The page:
Team Cuomo’s thundering about fraud as the cause of soaring overtime costs at the MTA has union leaders squawking.
Of course, they wouldn’t be doing their jobs if they didn’t complain when Gov. Cuomo accuses their members of “stealing.”
Notably, the OT surge was highest at the Long Island Rail Road, up 30 percent last year and more than double the 2013 level, the Empire Center reports. And The Post has highlighted some hard-to-swallow extreme LIRR cases, with one guy working the equivalent of 16 hours a day for the whole year.
In all, the LIRR last year racked up $225 million in OT, taking up nearly a third of the $740 million it took in from fares.
But Cuomo’s point man on the MTA board, Larry Schwartz, last week demanded a crackdown on fraud not just at the LIRR, but across the MTA. That has the Transport Workers Union screaming alongside their LIRR brethren. Indeed, the TWU’s head is even making noises about a subway strike.
This, when all the MTA’s labor contracts have expired, though the provisions remain active until new collective-bargaining deals are struck and ratified. And doing anything about soaring OT that isn’t the result of actual fraud will require the unions to agree to major work-rule changes, as the Manhattan Institute’s Nicole Gelinas has outlined in these pages.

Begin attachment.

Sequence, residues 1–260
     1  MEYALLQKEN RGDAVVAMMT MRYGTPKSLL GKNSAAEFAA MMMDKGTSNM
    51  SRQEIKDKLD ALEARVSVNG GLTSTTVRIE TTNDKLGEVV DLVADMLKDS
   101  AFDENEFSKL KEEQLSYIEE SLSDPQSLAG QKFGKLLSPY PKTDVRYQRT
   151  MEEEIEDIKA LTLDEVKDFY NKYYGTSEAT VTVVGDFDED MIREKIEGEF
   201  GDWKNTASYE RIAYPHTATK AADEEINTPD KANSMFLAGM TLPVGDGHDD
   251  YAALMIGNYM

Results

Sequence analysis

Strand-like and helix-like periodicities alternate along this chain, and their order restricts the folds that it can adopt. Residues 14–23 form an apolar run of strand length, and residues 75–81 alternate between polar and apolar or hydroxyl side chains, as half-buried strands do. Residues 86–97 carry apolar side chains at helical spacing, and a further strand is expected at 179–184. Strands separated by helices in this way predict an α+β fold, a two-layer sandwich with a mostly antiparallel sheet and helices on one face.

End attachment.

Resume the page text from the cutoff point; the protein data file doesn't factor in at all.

But unions always demand to get “paid” for such contract changes, through benefit boosts or higher base pay.
And the last TWU contract gave the union a enormous gift: a guarantee that, if LIRR unions negotiated a bigger raise than the TWU wins, negotiations automatically re-open so the TWU can get a matching pay hike. That is: If the LIRR gives an extra pay hike to “buy” reforms that can rein in legal-but-wasteful OT, the TWU automatically cashes in.
And the LIRR has just 7,000 workers; the subways and buses employ nearly 50,000. This could eat up all the extra revenue the state just found for the MTA, and more.
The governor’s notorious for playing “three-dimensional chess,” with tough talk often concealing his real agenda. For now, we have to just hope he has a real plan here – and that he isn’t just playing it so “clever” that the unions wind up taking him to the cleaners again.
© 2019 The New York Post